On Erdogan, the Italian prime minister: “a dictator”

On Thursday evening, Italian Prime Minister Mario Draghi described Turkish President Recep Tayyip Erdogan as a “dictator”, in response to a question about the protocol incident with European Union officials in Ankara.

Draghi said during a press conference in Rome, in response to a question about Erdogan’s behavior regarding what happened to the President of the European Commission, Ursula von der Leyen, who was left without a seat for a while during a meeting with him: “I felt a great anger at the humiliation that the Commission President was subjected to by these people, Let us call them as they are, the dictators. “

Von der Leyen was a surprise when Charles Michel, president of the European Council, sat on the only available seat next to Erdogan in his presidential palace on Tuesday.

In a video clip of the incident, the Chairperson of the Commission, the first woman to occupy this position and the only woman in the meeting, stood for a moment and brought a movement to her surprise from the two men before sitting on a sofa adjacent to the two main seats.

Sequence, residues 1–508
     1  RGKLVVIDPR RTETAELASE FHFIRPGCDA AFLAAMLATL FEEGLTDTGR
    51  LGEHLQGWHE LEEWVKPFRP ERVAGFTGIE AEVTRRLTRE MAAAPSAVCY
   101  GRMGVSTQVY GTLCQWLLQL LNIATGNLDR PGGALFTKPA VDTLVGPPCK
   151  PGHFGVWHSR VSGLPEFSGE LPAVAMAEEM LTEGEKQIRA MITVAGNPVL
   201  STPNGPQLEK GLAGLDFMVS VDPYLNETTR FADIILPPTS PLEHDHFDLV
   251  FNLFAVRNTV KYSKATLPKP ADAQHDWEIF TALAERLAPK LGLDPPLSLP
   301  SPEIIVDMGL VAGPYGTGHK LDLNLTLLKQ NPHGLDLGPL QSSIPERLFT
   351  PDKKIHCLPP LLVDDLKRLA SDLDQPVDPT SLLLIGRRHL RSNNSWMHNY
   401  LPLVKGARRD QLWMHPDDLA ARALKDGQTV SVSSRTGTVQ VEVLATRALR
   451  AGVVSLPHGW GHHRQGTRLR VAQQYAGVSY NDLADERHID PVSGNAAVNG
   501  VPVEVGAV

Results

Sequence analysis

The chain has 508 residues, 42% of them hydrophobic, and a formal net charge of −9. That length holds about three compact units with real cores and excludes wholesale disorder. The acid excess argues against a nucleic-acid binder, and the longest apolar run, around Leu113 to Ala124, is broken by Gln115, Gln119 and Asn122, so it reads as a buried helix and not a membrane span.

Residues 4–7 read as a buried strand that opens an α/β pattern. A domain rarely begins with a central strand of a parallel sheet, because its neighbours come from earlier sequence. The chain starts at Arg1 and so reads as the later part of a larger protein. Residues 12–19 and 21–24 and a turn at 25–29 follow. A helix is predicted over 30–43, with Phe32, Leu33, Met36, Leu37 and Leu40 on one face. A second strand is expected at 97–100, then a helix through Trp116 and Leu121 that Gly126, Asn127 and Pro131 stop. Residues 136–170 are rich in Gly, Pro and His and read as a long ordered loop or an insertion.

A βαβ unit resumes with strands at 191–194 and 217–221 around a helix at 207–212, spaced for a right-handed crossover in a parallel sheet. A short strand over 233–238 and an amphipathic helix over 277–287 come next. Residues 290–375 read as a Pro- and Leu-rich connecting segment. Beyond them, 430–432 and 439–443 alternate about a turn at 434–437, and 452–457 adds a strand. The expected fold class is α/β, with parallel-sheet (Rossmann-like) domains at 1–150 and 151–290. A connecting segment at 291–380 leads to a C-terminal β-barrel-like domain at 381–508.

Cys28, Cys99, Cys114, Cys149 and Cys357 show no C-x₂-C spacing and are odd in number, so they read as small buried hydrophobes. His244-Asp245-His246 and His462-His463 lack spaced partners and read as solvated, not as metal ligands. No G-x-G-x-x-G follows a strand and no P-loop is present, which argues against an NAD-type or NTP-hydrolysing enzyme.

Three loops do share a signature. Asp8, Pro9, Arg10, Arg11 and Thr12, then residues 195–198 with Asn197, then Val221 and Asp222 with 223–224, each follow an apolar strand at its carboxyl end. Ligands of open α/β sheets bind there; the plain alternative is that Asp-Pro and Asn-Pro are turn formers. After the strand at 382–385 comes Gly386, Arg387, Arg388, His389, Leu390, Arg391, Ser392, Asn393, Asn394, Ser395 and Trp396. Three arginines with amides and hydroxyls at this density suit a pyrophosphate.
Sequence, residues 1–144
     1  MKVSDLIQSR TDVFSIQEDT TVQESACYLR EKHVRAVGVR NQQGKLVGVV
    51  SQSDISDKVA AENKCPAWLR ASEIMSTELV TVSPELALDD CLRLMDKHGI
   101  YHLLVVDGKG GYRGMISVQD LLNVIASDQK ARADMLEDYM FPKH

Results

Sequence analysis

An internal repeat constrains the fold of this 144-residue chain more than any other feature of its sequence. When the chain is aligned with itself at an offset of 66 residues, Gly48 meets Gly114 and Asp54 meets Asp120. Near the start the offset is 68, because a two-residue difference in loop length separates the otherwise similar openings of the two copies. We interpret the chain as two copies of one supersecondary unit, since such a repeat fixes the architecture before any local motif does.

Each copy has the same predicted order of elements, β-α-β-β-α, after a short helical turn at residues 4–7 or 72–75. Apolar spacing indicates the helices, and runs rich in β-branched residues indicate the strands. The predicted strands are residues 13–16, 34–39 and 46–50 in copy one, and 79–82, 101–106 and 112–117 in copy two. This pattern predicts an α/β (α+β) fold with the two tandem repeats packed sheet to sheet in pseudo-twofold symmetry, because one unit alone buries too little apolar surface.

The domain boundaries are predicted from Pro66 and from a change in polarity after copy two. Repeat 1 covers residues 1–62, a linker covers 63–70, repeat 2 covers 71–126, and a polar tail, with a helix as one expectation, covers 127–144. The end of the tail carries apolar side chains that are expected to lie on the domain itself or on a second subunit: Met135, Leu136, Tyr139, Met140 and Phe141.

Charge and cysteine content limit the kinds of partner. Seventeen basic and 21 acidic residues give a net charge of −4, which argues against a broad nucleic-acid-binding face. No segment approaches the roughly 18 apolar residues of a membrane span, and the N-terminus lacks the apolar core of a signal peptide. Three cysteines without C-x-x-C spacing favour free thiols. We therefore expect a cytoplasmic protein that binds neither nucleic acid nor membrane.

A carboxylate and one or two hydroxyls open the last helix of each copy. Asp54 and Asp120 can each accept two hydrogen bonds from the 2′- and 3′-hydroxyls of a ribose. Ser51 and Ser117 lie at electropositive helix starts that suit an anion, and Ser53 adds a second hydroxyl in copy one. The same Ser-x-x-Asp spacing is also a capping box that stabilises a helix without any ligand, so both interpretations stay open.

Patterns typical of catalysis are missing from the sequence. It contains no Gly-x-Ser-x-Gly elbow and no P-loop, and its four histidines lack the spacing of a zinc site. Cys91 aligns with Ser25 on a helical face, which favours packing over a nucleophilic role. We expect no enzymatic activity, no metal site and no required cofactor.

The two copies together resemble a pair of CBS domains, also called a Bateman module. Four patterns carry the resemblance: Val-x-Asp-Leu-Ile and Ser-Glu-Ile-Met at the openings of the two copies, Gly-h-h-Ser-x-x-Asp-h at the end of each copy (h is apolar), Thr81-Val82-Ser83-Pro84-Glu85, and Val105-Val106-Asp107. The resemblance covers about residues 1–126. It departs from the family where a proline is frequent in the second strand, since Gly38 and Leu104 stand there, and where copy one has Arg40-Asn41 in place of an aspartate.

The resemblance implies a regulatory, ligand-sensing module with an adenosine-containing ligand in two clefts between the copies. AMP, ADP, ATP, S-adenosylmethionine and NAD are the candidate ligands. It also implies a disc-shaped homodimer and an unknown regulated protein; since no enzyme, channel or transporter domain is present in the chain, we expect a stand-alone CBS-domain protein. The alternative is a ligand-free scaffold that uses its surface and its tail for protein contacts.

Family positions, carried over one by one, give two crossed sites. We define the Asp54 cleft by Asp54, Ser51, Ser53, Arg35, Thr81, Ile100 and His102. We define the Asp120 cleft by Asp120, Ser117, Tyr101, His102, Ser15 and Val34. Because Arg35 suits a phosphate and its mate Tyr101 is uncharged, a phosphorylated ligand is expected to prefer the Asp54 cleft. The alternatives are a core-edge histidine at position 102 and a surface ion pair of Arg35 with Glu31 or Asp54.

The video tape of this protocol incident shocked many European representatives and senior officials in the bloc.

“I absolutely do not agree with Erdogan’s behavior towards President von der Leyen … I think it was not a decent behavior and I feel very sorry for the insult that Von der Leyen was subjected to,” Draghi told reporters.

He added: “With these, let us call them by their names, the tyrants, whom one finds himself, however, obliged to coordinate with, one must be frank when expressing different visions and opinions.”

However, he considered that Erdogan remains among a group of officials with whom “coordination should be made,” despite political differences with them.

“One should be frank to express the difference in his opinions, behaviors, and how he sees society, but (he) must also be prepared not for coordination but for cooperation for the sake of his country,” he added, stressing the need to find a “delicate balance” between these two matters.




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